Catholic Diocese of Spokane, Washington

From the

Official News Magazine of the Diocese of Spokane

Deacon Eric Meisfjord, Editor
P.O. Box 48, Spokane WA 99210
(509) 358-7340; FAX: (509) 358-7302

Guatemala Dateline:
The day we went out to meet God on the mountainside

Story and photo by Deacon Gary Franz, for the Inland Register

(From the Dec. 15, 2005 edition of the Inland Register)

Above: Father David Baronti, a priest of the Spokane Diocese ministering in Guatemala, prepares to celebrate Mass for refugees on a wind-swept spot in the Guatemala highlands. Refugees displaced by Hurricane Stan still live in tents, awaiting aid. (IR photo)

(Editor’s note: Deacon Gary Franz recently returned from a visit to the Spokane Diocese’s Guatemala mission, seeing for himself the impact of Hurricane Stan on the already difficult lives of people in the Guatemala Highlands.)

It was 4:30 a.m. on Nov. 22 when Sister Marie Tolle tapped on the door of our room in Novillero, Guatemala, and woke us to the news that breakfast would be at 5 so that we could get an early start on our trip to the mountains.

We had arrived in Novillero on Nov. 16, and had been working on our plans for painting the convent and repairing the plumbing. We’d had a few intermittent glimpses of the damage from Hurricane Stan. The Pan American highway was significantly damaged in nearby Nahualá, which was part of the reason for the early departure.

Father David Baronti, a Spokane Diocese priest ministering in Guatemala, was scheduled to say Mass at 9 a.m. for the people camped on the mountainside. Sister Immaculate Burke was taking 600 pounds of corn and sugar to supplement what had been supplied by the government. The people we were to visit are the refugees of mudslides and unstable hillsides west of Ixtahuacán.

After a hurried breakfast, we loaded into Sister Immaculata’s and Father Baronti’s Toyota pickups, wiped the dew off the windows, and prepared to leave. Unfortunately, Father Baronti’s pickup’s headlights wouldn’t work, even though they were okay the night before, when he arrived at 9:30. Troubleshooting revealed a blown fuse, no spare, and quite a bit of loose wiring in the fuse block – clearly a site for much previous work. I also noticed that there was a cap missing from one of the cells in the battery, and could not see the battery fluid in the open hole. But the truck had started, so it must be okay for now. With the troubleshooting delay, the light had improved with the coming dawn, and so we set off, re-wiping the windshield and peeking out the side window for a clearer view.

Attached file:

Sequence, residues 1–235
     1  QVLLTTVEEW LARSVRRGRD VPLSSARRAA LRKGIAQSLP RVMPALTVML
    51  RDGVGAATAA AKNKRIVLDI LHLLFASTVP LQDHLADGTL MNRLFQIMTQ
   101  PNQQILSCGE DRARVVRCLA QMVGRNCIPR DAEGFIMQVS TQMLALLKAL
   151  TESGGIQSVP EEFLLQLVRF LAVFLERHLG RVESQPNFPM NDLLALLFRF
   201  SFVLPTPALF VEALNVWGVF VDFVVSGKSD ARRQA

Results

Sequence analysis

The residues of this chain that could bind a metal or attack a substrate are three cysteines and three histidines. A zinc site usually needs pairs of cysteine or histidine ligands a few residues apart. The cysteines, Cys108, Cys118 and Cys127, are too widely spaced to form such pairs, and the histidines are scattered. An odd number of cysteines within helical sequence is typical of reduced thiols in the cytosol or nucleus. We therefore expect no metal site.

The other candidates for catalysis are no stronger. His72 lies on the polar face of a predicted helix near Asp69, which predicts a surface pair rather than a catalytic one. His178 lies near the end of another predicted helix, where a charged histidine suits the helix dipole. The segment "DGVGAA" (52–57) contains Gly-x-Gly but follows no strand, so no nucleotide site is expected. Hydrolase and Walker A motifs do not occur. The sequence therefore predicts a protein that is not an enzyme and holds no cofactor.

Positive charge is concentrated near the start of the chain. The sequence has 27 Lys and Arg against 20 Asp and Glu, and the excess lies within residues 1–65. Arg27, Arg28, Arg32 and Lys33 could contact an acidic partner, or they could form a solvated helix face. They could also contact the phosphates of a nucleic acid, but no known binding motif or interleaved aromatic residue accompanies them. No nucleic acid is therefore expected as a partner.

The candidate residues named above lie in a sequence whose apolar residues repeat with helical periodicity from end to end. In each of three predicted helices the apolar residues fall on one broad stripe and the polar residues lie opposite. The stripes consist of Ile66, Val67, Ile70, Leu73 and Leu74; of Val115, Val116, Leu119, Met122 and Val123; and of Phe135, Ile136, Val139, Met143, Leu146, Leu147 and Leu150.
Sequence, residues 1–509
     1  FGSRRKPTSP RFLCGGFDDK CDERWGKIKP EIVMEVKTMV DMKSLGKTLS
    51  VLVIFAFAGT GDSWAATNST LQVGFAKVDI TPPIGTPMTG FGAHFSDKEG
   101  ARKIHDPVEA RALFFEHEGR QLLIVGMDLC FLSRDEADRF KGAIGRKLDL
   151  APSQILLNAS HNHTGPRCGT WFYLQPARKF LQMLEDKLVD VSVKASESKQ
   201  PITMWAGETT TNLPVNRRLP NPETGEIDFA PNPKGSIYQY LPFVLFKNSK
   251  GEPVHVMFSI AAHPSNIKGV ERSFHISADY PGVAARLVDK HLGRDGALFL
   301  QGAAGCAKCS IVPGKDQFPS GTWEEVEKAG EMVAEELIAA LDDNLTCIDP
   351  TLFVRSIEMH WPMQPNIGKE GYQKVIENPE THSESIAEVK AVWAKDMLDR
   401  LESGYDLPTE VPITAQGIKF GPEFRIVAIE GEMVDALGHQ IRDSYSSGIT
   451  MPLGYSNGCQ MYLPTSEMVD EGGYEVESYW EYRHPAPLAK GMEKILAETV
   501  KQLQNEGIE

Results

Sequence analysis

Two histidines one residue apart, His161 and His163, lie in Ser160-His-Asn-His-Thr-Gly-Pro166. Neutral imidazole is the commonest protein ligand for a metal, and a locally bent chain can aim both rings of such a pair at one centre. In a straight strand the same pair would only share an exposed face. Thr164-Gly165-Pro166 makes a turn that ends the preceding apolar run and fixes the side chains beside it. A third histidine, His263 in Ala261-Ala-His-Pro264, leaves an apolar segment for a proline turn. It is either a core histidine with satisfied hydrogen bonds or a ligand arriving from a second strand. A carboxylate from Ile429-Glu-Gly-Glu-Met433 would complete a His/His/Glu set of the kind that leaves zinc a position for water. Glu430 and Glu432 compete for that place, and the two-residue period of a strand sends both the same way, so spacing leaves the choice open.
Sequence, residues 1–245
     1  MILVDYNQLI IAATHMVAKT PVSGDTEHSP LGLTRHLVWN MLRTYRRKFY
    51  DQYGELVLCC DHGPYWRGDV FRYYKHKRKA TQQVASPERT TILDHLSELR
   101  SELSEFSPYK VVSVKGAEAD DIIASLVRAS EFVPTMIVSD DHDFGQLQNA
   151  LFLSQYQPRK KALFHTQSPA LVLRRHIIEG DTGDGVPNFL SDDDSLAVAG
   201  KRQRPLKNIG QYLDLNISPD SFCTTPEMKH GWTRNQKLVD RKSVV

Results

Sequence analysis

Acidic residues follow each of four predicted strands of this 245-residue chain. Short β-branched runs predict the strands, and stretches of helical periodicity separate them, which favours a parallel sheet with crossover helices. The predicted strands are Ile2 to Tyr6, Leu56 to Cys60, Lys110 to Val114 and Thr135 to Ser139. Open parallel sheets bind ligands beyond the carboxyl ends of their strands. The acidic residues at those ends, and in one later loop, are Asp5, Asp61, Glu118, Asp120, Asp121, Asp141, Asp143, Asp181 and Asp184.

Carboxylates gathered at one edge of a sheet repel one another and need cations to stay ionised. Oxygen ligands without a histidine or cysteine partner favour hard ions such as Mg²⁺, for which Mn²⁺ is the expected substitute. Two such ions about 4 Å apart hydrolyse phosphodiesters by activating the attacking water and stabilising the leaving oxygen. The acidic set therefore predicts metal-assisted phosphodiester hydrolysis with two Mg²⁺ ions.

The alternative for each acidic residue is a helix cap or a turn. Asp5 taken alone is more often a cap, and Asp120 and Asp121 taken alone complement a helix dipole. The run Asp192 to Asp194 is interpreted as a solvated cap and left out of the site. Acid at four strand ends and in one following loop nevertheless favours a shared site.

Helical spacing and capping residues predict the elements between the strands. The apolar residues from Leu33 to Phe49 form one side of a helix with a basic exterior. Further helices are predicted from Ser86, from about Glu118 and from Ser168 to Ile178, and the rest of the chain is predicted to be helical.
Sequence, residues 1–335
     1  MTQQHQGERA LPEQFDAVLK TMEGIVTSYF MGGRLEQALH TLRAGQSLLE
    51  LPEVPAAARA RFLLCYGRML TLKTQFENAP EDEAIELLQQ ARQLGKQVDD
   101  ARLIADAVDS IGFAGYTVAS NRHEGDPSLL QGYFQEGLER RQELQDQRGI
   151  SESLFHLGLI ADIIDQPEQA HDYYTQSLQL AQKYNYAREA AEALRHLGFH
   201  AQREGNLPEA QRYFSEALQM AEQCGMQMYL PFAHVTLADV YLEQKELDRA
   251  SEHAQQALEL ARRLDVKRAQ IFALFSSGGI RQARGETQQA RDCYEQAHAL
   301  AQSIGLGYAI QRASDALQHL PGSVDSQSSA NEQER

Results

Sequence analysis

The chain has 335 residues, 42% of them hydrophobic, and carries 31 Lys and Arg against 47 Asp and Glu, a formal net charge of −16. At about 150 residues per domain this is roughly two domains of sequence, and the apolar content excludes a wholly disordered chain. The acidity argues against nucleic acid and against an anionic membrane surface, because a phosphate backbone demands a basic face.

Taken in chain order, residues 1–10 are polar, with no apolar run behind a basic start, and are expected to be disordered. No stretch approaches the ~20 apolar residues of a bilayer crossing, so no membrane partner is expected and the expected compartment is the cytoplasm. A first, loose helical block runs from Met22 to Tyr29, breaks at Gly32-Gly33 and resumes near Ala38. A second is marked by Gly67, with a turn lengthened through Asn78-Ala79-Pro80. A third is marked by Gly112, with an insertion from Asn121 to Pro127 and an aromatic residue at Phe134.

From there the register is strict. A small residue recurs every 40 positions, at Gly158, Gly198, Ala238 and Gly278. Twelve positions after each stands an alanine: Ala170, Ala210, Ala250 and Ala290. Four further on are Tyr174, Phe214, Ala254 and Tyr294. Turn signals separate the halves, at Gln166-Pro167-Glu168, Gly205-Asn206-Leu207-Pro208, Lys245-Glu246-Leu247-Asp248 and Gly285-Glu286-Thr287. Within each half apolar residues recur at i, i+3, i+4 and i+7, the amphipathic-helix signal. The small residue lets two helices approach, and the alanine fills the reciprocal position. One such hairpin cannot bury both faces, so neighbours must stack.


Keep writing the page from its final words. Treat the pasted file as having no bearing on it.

Fortune was with us as we reached the roadblock for the two major highway outages in a six-kilometer section of highway around Novillero. We were the last two vehicles through before it was closed for traffic in the opposite direction. We quickly reached the high point in the Pan American highway at 10,300 feet, at a place lovingly called Alaska, and immediately thereafter turned south on the dirt and gravel road heading toward Tzamjuyub.

We had been passed by three large buses coming out the road heading to the highway. We reached a section of road that wound to the east directly into the sun. My son Loren and I were in the first pickup with Father Baronti. We were all unable to see anything in front through the glare, so we looked out the side windows and got past that section of road. Then the fourth bus passed us. Shortly thereafter, we noticed that the second pickup with Sisters Immaculata, Marie, and Sarah, and my wife, Pat, was not following closely. Backing up, we discovered that in trying to avoid the bus and navigate in the morning glare, they had experienced a clutch failure and were unable to go on.

We backed Sister Immaculata’s pickup to the side of the road, loaded all the supplies into Father Baronti’s pickup, where we noticed that a slow leak made for a somewhat flat rear tire. The four women got in the pickup with Father Baronti; Loren and I got in the back of his pickup, on the opposite side of the low tire, and off we went to be on time for Mass.

When we arrived on the top of the bare hill at about 11,000 ft, we were greeted by the people who were getting ready for Mass in a wind break near their temporary shelters. I estimate the temperature at about 45 degrees. The wind was a fairly steady 15-20 miles per hour, and the clouds were blowing through the area for an additional chilling fog.